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Fields & Applications Sample Preparation, Pharma & Biopharma, Clinical

Confronting Concerns


The major assumption in the quantification of data from a dried blood spot is that the blood is uniformly absorbed throughout the body of the spot on the paper. Furthermore, it had been assumed that all blood samples had the same absorption characteristics for cards of the same material. If this were true, then the removal of a fixed diameter disk from a blood spot would remove a fixed volume of blood to enable drug levels to be reproducibly quantified. Unfortunately, the size of the spot produced is controlled by the haematocrit level (or erythrocyte volume fraction) in the blood, which can vary quite considerably – especially for newborns. As the haematocrit level increases, the same volume of blood takes up less space, meaning that the disk sample contains more blood and a subsequent bias in the level of drug detected.

There are several possible solutions:

  • Measure the initial volume of the blood sample before it is placed on the card and then analyse the entire spot in the laboratory. This does, however, negate one of the basic attributes of the sampling system – the ease of sample collection.
  • Match the haematocrit levels in the calibration samples to patient samples. Clearly for routine processing of many patient samples this approach would be far from ideal.
  • Develop sampling matrices that mitigate or eliminate the haematocrit effect.

 Work is underway in several groups within Europe and the USA to address the hematocrit problem, with several card vendors claiming victory – not everyone is convinced.

Internal Standards

It is good analytical practice, where a multistage process is used, to add a known amount of an internal standard (IS) to the original sample to indicate any quantitative changes resulting from subsequent analysis. This fact raises two important questions for users of DBS analysis: At what point should the internal standard (IS) be introduced into the sample? And what exactly should be used as the IS? The IS signal, resulting from the known level added, acts as a reference for the other species monitored. Therefore, the IS should ideally be added to the blood spot sample before it dries on the paper, which is not a viable option; several alternatives have been considered. The most common option is to add the IS to the extraction solvent used to remove the analyte from the dried blood. In this case, the IS is not incorporated into the blood during the drying process and therefore the extraction conditions are not duplicated. Pre-treating the card with the IS prior to sample collection or spraying the card with the IS solution after the blood spot has dried are other alternatives. The pre-treated card appears to offer the closest to ideal as the blood absorbs some of the IS before clotting is complete, which should lead to more characteristic extraction conditions.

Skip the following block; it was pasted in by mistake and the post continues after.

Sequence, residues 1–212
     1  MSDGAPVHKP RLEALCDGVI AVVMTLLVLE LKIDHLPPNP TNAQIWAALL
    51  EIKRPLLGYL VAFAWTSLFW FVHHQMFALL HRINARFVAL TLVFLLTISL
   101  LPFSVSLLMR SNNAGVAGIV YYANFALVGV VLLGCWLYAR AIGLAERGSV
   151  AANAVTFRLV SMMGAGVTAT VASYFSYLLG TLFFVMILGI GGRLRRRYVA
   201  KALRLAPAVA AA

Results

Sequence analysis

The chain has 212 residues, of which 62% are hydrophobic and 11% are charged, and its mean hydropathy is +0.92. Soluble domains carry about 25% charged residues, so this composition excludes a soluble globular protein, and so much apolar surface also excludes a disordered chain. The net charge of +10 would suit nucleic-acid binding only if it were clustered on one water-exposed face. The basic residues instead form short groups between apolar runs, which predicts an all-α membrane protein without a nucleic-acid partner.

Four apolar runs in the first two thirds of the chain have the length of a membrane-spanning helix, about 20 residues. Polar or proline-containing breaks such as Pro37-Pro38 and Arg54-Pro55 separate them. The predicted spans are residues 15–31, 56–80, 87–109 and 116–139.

Ideally the IS should be as similar to the analyte as possible and the use of stable isotopic variants has become common. This approach ensures that the separation processes are identical, even up to the point where both analyte and IS enter the MS ion source at the same time. It is here where problems may occur. Excess levels of the IS may affect the ionisation process in the electrospray source to give a reduced signal for the analyte compared with other species that may be recorded in the same run. To reduce this impact, either a low level of the isotopically modified IS can be used or a similar compound with a different elution time can be chosen as the IS, but there is still much discussion and debate concerning the best way forward.

For the immediate future, the above challenges are such that regulatory authorities are still demanding data from whole blood or plasma studies to validate DBS results. And certainly, until regulatory acceptance endorses the validity of this form of sampling, there will be continued reluctance from some bioanalytical scientists to accept it as a suitable method for quantitative determinations.

Please read the other articles in this series:

Spot On
Dried Blood Spot 101
Principal Drivers for DBS Research


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About the Authors
Sangeeta Tanna

Sangeeta Tanna holds a PhD in pharmaceutics in the development of an artificial pancreas. Her expertise and research interests lie in the bioanalysis and drug delivery fields. This has led to the development of micro-analytical methodologies for the determination of therapeutic drugs from dried blood spots (DBS) based on LC-MS and LC-MS/MS studies for a range of clinical applications. This research was awarded the Royal Society of Chemistry Analytical Methods Prize in 2010. Applications of this work to patient care include improved medication for babies and people with cardiovascular diseases.

Graham Lawson

Graham Lawson’s expertise is instrumental analysis in such disparate areas as environmental exposure in the polymer industry, the identification of migrants from food packaging and factors influencing drug delivery in clinical applications. The unifying themes are the detection of ultra low levels of contamination and the protection of people from adverse exposures. He was co-opted onto a NATO special studies group on the Stand-off detection of radiation. His current research interests include novel analytical techniques applied to blood spot analyses and to counterfeit drug detection.

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